After her daughter died in a fire, the inconsolable and grief-stricken Helen hung herself from a bridge at Beaucatcher Mountain near Asheville. She appears in a long gown asking the whereabouts of her child. The strangest part is that there are multiple reports of car trouble at the bridge. Maybe it's a battery dying on the bridge, or days after. People who have experienced Helen's bridge find looming car issues during or soon after their visit. It's not just Helen, but strange and dark apparitions cited around the area. The high volume of paranormal activity around this bridge fuels much of the legend. People have described seeing monster-like figures lurking behind the dense brush. Even slaps, punches, and scratches have been reported.
8. Peter Dromgoole
No one quite knows what happened to UNC Chapel Hill Student Peter Dromgoole. The most common story is that Peter and another student were both in love with a young girl named Fannie. Like boys do, they decided a duel would be the ultimate way to see who would truly win Fannie's heart. Sadly, Fannie's true love Peter, was said to have been murdered and buried beneath a rock that Fannie and Peter would secretly meet at. His blood stain is said to still be seen upon the rock. Fannie died the summer after from a broken heart. Legend says she and Peter haunt the area and Gimgoul Castle. A stranger story is that before Peter's "death" he sent a bizarre letter to his family in Virginia claiming he was going to do something horrible, that would cause them great sorrow, and in the event this happened, they would never hear from him again. Peter's Uncle fled to UNC to check on the young man, but when arriving he found Peter to be nowhere. He had vanished, with only a few of his clothes left behind. Perhaps this is tied in with the lover's quarrel, but either way, its a legend that still haunts UNC Chapel Hill.
9. Lydia Jones
What should have been a lovely prom night ended abruptly as Lydia Jones's date crashed his car after losing control on a sharp curve. Lydia’s date died instantly, but she managed to pry herself out of the car and in the pouring rain and a blood-soaked prom dress, begged and pleaded for passerby’s to help. She died shortly after the wreck. Locals were furious and demanded a bridge be constructed to prevent another wreck on the curve. And so became Lydia’s Bridge in Jamestown. To this day, on a rainy night beneath a full moon, if you travel down to the tunnel you will see Lydia trying to flag down a ride. The phantom hitchhiker has even been said to get in the backseat of people’s cars, trying to finally make it to her prom.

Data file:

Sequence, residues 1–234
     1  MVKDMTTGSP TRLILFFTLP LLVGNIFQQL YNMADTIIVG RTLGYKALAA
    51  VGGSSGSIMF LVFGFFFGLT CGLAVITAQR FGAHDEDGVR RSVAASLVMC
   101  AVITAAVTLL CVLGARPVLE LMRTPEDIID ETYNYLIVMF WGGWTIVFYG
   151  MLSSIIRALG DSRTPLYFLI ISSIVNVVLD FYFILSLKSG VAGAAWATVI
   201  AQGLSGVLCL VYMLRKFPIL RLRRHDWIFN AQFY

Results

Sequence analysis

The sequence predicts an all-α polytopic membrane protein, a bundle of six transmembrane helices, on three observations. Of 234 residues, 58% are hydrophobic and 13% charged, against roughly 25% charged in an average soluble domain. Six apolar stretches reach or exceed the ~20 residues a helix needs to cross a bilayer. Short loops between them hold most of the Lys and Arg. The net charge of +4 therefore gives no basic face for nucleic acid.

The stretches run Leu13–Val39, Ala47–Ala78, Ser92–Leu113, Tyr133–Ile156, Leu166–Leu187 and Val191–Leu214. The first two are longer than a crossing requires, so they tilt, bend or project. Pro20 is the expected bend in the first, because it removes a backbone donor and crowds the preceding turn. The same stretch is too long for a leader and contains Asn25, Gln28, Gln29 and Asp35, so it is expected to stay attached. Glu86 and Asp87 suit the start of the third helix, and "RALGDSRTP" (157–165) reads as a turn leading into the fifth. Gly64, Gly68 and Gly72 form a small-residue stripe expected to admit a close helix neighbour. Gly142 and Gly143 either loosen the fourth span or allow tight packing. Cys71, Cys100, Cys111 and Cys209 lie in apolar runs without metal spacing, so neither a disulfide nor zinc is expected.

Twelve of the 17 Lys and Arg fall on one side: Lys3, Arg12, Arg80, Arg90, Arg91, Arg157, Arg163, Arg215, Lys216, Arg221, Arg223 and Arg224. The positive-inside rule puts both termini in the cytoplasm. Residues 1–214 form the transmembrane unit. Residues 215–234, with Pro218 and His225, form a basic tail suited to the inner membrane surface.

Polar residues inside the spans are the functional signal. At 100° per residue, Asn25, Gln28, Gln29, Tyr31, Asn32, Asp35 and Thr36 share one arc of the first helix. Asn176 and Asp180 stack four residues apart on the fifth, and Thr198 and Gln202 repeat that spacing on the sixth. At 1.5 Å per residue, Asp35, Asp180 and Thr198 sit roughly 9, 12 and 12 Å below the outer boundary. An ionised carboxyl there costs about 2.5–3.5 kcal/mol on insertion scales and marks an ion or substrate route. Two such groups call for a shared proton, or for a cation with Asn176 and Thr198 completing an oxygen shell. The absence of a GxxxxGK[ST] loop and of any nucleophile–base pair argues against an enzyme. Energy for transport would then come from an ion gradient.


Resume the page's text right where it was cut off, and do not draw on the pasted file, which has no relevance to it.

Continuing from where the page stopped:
10. Zelda Fitzgerald
At the Highland Hospital, a mental ward in Asheville, lived the wife of one of the greatest American authors. At the time of Zelda's appearance at Highlands, her husband, F. Scott Fitzgerald, had long lived the days of his Great Gatsby fame. As a struggling writer pushing through years of bland storytelling, F. Scott Fitzgerald spent two summers at the Grove Park Inn while his wife was just down the road, in and out for 12 years, at the Highland Mental Hospital. Zelda was diagnosed with chronic schizophrenia, but suffered bouts of extreme depression and mania, linking her disorder more to bipolar tendencies. The nurses often loved Zelda, she was said to be a sensation around the hospital. Before her fall into poor mental health, Zelda was actually a genius writer. Much like her husband, her writing style was pioneering, brave, and romantic. Yet, she was stuck in her husband's shadow. It's easy to wonder just how amazing Zelda, and her writing, could have been had her illness not worsened. The North Carolina Mountains, and Highland Hospital, became a home for Zelda as her husband moved out west, eventually passing away. One night, the hospital caught fire. Rumors spread there were patients left sedated, some chained in their rooms, as a vengeful nurse set the hospital ablaze. The fire tore through the building, leaving firefighters barely anything to salvage. Zelda, and eight others, died that night. Nothing was ever built in the place of the hospital, in memory of those who lost their lives. A grassy knoll now rests quietly on a land that has seen so much death and destruction. Go to the area on a dark night, and you might just run into Zelda herself.
What did you think of our ghost stories? Are you a believer? Tell us your thoughts in the comments below!